Children can be affected by seeing, hearing and being around violence, and they can also be the direct victims of abuse. Children are almost always aware of the abuse occurring in their family. Even when parents don’t fight in front of them, children can often hear what is being said, see damage to property, sense the distress of their mothers the next day or become hyper aware of the abusive parent’s mood.
Domestic violence can impact on children in many ways and can include lowered self esteem and confidence, quicker flight or fright responses or appearing anxious or vigilant. Children may take on the roles of adult or older child such as ‘parenting’ younger siblings or trying to protect others from abuse. Some children may be influenced to take on the abusive parent’s views such as believing their mother is weak or caused the abuse.
The parent on the receiving end of abuse can find their own parenting impacted; due to stress, exhaustion and emotional fatigue, their partner criticising their parenting or blaming them for separation. Some find themselves having to enforce harsher rules than they would choose for their children.
Women living in abusive relationships often take actions to protect their children from abuse and lessen the impact on them. If you are a parent in an abusive relationship it is important while you seek support to be kind to yourself. Although parenting through abuse is difficult remember all the ways you are a great parent and that we are here to help.
If your children are in immediate danger or the risk of injury is high it is important to seek help and a safe space as quickly as possible, although many families live with some level of abuse for a long time. If you are still deciding how to go forward or if your children have on-going unsupervised visitation with the other parent, it is important to maximise these protective factors.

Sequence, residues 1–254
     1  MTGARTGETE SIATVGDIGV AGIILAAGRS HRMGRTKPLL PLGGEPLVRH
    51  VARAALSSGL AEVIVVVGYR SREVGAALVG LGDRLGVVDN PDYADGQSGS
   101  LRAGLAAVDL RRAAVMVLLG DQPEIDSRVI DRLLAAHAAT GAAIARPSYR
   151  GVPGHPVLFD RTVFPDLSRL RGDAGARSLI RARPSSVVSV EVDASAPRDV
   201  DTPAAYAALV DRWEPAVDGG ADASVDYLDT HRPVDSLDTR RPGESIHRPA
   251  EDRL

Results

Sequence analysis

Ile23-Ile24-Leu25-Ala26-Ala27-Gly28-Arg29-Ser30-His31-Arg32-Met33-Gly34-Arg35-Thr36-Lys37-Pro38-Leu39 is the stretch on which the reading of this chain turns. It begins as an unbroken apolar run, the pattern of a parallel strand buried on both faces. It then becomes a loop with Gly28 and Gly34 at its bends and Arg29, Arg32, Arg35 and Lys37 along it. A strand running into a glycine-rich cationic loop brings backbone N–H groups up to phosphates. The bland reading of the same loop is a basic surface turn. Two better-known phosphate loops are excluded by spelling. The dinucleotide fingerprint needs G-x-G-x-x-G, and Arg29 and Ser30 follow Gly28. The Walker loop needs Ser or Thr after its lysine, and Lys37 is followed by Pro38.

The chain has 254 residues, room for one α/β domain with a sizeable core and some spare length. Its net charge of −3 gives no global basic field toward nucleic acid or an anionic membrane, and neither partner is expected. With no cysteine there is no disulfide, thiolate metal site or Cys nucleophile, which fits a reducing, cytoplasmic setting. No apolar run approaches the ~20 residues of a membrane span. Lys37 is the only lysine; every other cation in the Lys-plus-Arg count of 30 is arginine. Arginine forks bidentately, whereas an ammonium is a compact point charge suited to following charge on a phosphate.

Some common protective factors are:
- Giving children a chance to debrief: Even if you are staying in your relationship when there has been violence or an incident give children a chance to share their feelings, affirm for them abuse is not ok, even when it is happening between their parents.
- A safe place within walking distance: Get to know a neighbour so your children have other places they can get to and feel safe.
- Their natural qualities and abilities: Give children a chance to explore their gifts and give them lots of praise and encouragement.
- One loving and nurturing relationship: Studies show having one loving, emotionally available caregiver is an important protective factor.
- Support your children’s relationships with safe family/whanau members who can provide positive loving attention.
- Have someone you can debrief with (even the 0800REFUGE crisis line), so children aren’t exposed to adult issues because you need someone to talk to about the situation.
- Keep routines as much as you can: You may not be able to have kids in the routine you would like but even having little routines like sitting down together after school, songs or stories at bedtime, having time together when children return from visitation, can help children feel secure, gives them a chance to talk and provides some predictability to their lives.
Talking to children about abuse and important messages for children:
- ‘It is not a child’s responsibility to keep a mother safe.’
- ‘Abuse is not ok.’
- ‘I will do everything in my power to keep you safe.’
- ‘When adults fight, it is an adult problem and adults need to fix it.’